The origin of Earth Day dates back to April 22, 1970 when in the United States of America, Senator Gaylord Nelson, Congressman Pete McClosky and young activist Denis Hayes orchestrated a massive countrywide demonstration with like-minded individuals and activists to raise concern about environmental degradation due to natural and anthropogenic causes.
This event heralded the promulgation and creation of a series of Acts and agencies for environmental protection in the USA.
By 1992, the Earth Day movement went global and culminated in the United Nations Earth Summit in Rio de Janeiro. On 2016, on Earth Day, the much coveted Paris Agreement was adopted by the United Nations.
A few days back, on April 9, 2021, US Special Presidential Envoy for Climate, John Kerry, visited Dhaka to extend an invitation to Sheikh Hasina, Prime Minister of Bangladesh, to join the "Global Leaders' Summit on Climate Change" to be held virtually this year on April 22-23 with President Joe Biden at the helm.
The growing concern and actions for restoring earth is continuously rising and long overdue.
But why do we need to do so many things to restore our earth?
We, human beings as individuals, all have an immediate and lasting impact on the earth by our lifestyle, consumption behaviour and production practices, taxing on earth's resources. According to the Global Footprint Network, in 2016, the World's average ecological footprint was 2.75 global hectares per person, leading to a global ecological deficit of 1.1 global hectares per person.
This means we are overusing ecology by over extractive production and our consumption behaviours, compared to what can be replenished. The deficit, termed as the ecological overshoot, tells us that it takes the Earth 1.6 years to regenerate the amount we used and absorbed in terms of carbon emissions in a year.
Every country and every individual has an ecological footprint. Although there are some debates around this footprint calculation, its role in ensuring environmental justice for the populations suffering from the most disproportionate impacts of climate change and environmental degradation cannot be overlooked. It requires our collective effort to offset the overshoot and help our earth regain its natural pace of regeneration and be a sustainable abode for us.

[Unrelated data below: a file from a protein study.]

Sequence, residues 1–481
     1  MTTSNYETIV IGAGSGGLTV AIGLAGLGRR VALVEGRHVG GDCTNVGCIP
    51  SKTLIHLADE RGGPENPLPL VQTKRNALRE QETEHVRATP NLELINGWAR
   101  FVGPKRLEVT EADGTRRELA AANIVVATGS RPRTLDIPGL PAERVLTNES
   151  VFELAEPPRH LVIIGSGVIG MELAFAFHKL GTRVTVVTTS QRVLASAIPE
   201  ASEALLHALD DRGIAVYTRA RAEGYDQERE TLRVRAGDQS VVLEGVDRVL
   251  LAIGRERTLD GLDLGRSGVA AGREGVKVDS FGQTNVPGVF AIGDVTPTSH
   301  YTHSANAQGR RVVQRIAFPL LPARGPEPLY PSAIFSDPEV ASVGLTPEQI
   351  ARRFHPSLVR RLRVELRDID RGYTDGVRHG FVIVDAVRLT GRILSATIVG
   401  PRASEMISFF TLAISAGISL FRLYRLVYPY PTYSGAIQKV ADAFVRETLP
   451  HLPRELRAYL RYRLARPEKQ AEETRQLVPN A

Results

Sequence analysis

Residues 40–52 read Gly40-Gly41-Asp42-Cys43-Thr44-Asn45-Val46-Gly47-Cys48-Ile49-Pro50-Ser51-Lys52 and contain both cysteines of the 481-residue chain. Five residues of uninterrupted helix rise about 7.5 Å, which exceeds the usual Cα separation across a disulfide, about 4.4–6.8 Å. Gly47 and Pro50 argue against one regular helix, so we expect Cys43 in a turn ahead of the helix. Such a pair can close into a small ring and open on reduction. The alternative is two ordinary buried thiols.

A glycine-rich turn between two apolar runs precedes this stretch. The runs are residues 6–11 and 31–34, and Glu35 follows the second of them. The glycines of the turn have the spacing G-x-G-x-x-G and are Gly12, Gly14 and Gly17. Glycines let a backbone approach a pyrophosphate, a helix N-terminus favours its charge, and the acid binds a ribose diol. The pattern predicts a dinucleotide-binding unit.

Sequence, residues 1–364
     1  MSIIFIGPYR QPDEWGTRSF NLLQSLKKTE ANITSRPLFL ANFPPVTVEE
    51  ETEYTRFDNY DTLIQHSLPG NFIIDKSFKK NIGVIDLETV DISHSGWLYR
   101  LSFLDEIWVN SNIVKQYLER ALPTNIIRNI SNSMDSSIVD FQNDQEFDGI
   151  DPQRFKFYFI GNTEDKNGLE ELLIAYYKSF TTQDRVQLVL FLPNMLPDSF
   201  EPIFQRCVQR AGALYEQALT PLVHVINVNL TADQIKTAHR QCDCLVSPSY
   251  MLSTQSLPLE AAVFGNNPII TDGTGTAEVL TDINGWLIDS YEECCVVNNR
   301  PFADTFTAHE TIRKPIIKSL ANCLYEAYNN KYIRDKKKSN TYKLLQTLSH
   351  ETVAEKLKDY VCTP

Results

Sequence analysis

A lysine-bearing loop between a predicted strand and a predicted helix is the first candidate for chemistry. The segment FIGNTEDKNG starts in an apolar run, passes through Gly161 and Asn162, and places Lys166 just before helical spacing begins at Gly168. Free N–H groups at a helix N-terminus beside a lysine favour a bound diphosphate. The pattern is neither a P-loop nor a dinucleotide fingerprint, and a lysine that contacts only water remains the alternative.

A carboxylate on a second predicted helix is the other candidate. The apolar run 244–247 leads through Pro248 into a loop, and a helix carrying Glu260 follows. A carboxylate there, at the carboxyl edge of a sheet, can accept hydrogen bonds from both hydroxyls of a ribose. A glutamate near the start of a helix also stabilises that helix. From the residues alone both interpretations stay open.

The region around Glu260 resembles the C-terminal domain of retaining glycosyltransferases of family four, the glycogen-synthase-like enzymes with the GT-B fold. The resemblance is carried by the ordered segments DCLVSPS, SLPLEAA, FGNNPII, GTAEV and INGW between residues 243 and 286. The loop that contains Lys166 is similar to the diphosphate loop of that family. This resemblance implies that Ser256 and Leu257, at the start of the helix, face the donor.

There are many ways to do it from our individual levels. We can do so by reducing wastage and carbon emissions, minimising plastic and polythene pollution, practicing sustainable agriculture, using clean energy and water, maintaining good hygiene practices and healthy lifestyle.
One recent example is the one time usage and disposal of masks to tackle Covid-19 spread. Covid-19 pandemic has imposed a unique threat on humankind beyond health and economic shocks. Wearing a mask has now become an integral part of our fight against it and its disposal has created a littering problem for the ground and water bodies. It is high time we encouraged safe disposal of masks and alternative use of reusable masks.
There is a complex nexus between extreme poverty and environmental degradation, which puts strain on ecosystem services. Vulnerability of people living in marginalised communities increases their dependency on the natural resources for sustenance, livelihood and lifestyle, perpetuating the strain on the ecosystem. If we can apply the above-mentioned practices in a poverty context, it not only ensures a sustainable livelihood for the people living in poverty but also minimises the strain on the ecosystem.
It is possible through encouraging and educating people living with multifarious vulnerabilities to use clean energy, adopt context specific agriculture, avoid plastic and maintain good hygiene practice.
For example, BRAC's Ultra Poor Graduation (UPG) programme educates its women participants living in ultra-poverty to avoid plastic and related enterprises as their earning sources; encourages them to cultivate Napier grass in dry (northern) area, watery grass in water logging area, hydroponic grass in hoar (wetland) area and climate and region specific vegetable production through home gardening and tree plantation.
It is high time we all individually and collectively played our role in restoring the Earth and its ecosystem. In the process, it is also essential to reduce inequality and impacts of climate change among the people living in vulnerability and ultra-poverty. Everyone being able to enjoy the same safe, pristine and healthy environment and sustainable livelihood by combating climate change and environmental degradation is a basic human right that can no longer be ignored.
Syeda Sadia Hasan, Head, Resource Mobilisation, M&E and Learning, BRAC Ultra-Poor Graduation programme